By now, no doubt you have formed an opinion relating to driverless car technology (autonomous driving) and whether it’s a good or bad thing for society.
Volvo have been developing assisted driving and now ultimately autonomous driving systems for years. They are aiming to make mobility safer, sustainable and more convenient (find out more here). They are developing their future vehicles to operate and navigate without human input, equipped with sensors that read the surroundings and adapt to changing traffic conditions. They have also been working closely with Waymo (the Google company) to deliver new modes of transport -again with the aim of moving people safely. Safety afterall is what the Volvo brand are known for. Volvo have already promised no deaths in any of their vehicles by 2020. The thing is – they will get there with that one. Little is it known that their vehicle, the XC90, which was first launched in 2002 and remodelled recently has never had a fatality. That’s before using the technology now available today! We never do hear the good news in the media do we? Just think how many journeys have been had in that vehicle across the world since then!
Would passengers feel comfortable being driven by a stranger?
The truth is, while vehicles are not fully autonomous on our roads yet (nor are they allowed to be legally), we have been living in an assisted driving world for the last 5 years, if not more. The problem at the moment is people are unsure of where in reality the technology is at and to what standard. There have been numerous stories in the media relating to crashes involving autonomous vehicles yet the majority seem to have been caused by the driver not paying attention to the road despite being given instructions to do so.
The issue arises with the media hyping up the capabilities of autonomous driving when it’s not quite there yet. It’s the future – but too soon. This is leaving drivers confused and over-informed about what constitutes assisted driving and autonomous capability within the real-world safety requirement of our over populated roads. One thing’s for sure, our roads are already safer due to assisted driving and worst case will continue to get safer in that respect whether we’re driving behind the wheel or not.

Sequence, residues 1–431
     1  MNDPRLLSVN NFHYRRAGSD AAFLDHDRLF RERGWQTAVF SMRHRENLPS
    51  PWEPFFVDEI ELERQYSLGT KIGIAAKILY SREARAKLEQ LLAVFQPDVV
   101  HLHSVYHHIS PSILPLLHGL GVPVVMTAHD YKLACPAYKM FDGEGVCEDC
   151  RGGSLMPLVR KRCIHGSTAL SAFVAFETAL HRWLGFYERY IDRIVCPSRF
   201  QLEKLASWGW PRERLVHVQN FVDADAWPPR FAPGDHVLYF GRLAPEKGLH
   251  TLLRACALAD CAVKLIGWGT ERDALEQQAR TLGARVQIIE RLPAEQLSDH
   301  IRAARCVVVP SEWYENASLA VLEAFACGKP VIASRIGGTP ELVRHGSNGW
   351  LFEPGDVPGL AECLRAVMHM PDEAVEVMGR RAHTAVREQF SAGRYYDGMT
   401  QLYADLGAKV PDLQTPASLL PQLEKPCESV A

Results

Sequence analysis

So what does this all mean for community transport services? Is the future an autonomous bot rolling up to the door and taking someone where they need to go completely? We don’t think so. Community transport services are much more than just getting people from A to B. It provides friendly interaction, support and mobility to those who otherwise would not be able to receive it.
Despite advancements in technology, the only benefit we see to community transport are the safety benefits provided to the passenger and driver. Autonomous driving could indeed improve the interactions the passenger has with the driver as they are able to provide the passenger their undivided attention and not have to focus on the road, but does that not make community transport more of a guided tour as they get to their destination? Food for thought!
With community transport services increasing in demand, there is a long way to go before we see the end of the passenger/driver relationship. Not only that, there is a giant legal precedent to be had over the legality and insurance facing autonomous driving. That could take longer to work out than the technology itself!
There’s a bigger question too – would your passengers feel comfortable being driven by a stranger? Be it that it would be artificial intelligence developed by thousands of workers over numerous years? Imagine getting in a car and being told the latest improvements have been made to your vehicle – have a safe trip! Were you not safe before? It put’s our what’s new cloud refresh updates in perspective when you look at software updates controlling the safety of people’s lives.
Time will tell what happens to community transport services…but it’s closer than we think.